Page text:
Erard piano
Érard, Paris, 1868
Restored by Frits Janmaat, c. 1999
7 octaves, 6’10”
J. M. Schweighofer & Söhne, Vienna, c. 1870
Restoration by Gert Hecher, c. 2005
Further restoration by Ken Walkup, 2018
On loan from Annette Richards and David Yearsley
7 octaves, 8’6”

The Schweighofer family is associated with piano making in Vienna going back to 1801. Johann Michael Schweighofer Jr., opened his own firm in 1832, after apprenticing in the shop of his father, mother, and stepfather; his sons succeeded him in this firm.

Blüthner Aliquot Grand, Leipzig, 1878
Restored by Ken Walkup, 2015
7 octaves, 7’

Aliquot means “divisor.” This refers to Blüthner’s string plan, patented in 1872, which has a fourth string for each note above the tenor range, not struck by the hammer and tuned an octave higher than the strings which are struck. The purpose was to reinforce the treble, and/or to make the sound more complex and interesting. Several other mid-nineteenth century piano makers experimented with this basic idea in different ways, and Steinway’s execution of this concept, which they called “duplex stringing,” is a part of the design of most modern pianos.

​The Aliquot Grand system was available on Blüthner pianos as an option for decades. However, this piano is almost unique in another way: although it has a full cast iron plate, and is technically cross-strung or overstrung like the American pianos which were so influential at the time, it is basically a straight strung piano because the bass bridge is more or less in the position it was on the earlier European pianos.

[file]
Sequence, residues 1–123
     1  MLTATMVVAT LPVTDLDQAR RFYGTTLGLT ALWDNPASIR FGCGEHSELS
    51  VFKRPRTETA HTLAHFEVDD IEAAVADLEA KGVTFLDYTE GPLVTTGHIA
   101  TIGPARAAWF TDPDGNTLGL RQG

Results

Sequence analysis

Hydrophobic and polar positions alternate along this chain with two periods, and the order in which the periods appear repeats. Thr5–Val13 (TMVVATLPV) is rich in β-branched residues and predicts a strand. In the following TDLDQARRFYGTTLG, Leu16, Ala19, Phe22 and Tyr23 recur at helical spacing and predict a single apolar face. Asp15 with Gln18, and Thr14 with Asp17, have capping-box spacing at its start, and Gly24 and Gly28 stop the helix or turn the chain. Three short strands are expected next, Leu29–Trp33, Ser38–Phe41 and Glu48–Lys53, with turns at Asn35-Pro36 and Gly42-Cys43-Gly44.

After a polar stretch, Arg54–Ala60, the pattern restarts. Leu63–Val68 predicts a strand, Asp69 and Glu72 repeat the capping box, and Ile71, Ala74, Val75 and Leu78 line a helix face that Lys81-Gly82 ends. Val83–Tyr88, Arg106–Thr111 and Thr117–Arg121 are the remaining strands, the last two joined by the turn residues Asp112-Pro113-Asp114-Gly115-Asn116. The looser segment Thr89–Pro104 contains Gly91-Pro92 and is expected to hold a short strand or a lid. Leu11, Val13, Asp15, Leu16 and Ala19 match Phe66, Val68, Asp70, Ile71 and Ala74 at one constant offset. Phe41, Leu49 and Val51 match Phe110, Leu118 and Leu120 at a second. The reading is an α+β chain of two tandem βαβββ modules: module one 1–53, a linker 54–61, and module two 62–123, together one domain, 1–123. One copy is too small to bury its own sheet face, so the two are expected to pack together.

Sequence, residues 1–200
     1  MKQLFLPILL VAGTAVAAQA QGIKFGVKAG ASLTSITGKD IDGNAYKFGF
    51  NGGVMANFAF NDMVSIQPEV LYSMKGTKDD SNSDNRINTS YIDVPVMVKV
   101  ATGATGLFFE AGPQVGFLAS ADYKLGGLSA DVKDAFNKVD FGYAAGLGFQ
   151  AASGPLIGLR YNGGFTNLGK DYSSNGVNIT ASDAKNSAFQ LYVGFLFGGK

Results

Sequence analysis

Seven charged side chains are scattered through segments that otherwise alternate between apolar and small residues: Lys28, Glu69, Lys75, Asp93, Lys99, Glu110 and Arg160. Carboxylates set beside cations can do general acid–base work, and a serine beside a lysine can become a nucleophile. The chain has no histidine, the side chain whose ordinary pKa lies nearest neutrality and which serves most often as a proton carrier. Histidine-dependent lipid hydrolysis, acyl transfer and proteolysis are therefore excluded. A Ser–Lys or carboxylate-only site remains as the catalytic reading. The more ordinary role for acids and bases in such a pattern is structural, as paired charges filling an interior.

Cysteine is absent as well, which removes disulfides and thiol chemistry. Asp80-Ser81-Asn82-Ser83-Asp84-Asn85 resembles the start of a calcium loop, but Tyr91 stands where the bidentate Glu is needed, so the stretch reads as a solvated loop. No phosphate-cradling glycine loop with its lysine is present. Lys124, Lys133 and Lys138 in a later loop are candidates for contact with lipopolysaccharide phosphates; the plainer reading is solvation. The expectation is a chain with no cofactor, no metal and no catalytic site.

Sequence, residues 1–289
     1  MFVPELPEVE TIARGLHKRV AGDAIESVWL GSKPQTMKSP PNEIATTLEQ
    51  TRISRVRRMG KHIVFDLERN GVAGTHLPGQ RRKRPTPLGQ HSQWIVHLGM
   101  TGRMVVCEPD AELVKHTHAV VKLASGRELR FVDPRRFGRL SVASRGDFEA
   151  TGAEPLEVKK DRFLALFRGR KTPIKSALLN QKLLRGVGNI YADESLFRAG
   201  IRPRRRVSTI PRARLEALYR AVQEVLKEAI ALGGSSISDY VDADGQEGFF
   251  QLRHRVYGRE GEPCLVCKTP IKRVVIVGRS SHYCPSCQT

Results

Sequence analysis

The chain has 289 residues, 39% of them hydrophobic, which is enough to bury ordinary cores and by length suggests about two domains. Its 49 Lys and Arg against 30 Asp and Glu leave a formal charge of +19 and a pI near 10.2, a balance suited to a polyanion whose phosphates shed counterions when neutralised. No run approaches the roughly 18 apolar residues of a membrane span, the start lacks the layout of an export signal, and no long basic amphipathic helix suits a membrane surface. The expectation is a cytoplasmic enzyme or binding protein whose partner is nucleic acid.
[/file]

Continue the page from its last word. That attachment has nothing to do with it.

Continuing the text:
Schweighofer 1
J. M. Schweighofer & Söhne, Vienna, 1897
On loan from Malcolm Bilson
Steinway & Sons “D” Concert Grand, New York, 1908
Rebuilt by Jim Reeder, 1985
Restored by Ken Walkup
7 1/3 octaves, 9’

Cornell has three Steinway concert grands, from 1908, 1958, and 2006, almost exactly 50 years apart from each other. They have different personalities that mirror the evolution of Steinway over a hundred years. This one has a darker, less brilliant sound that does not appeal to all pianists but is highly valued by others.

Mason & Hamlin "BB" Grand, 1911
Bechstein “E” Grand, 1912
Blüthner Model 4, 1921
Mason & Hamlin "CC" Grand, c. 1930
Bösendorfer Imperial, c. 1955
On loan from Graeme Bailey
Steinway & Sons “D” Concert Grand, New York, 1958
Restored by Ken Walkup, 2006
7 1/3 octaves, 9’

This instrument was formerly the Bailey Hall concert grand, 1958–2006. It has been played by many of the most prominent pianists of the period, including Rubinstein, Ashkenazy, Perahia, Serkin, Brendel, etc.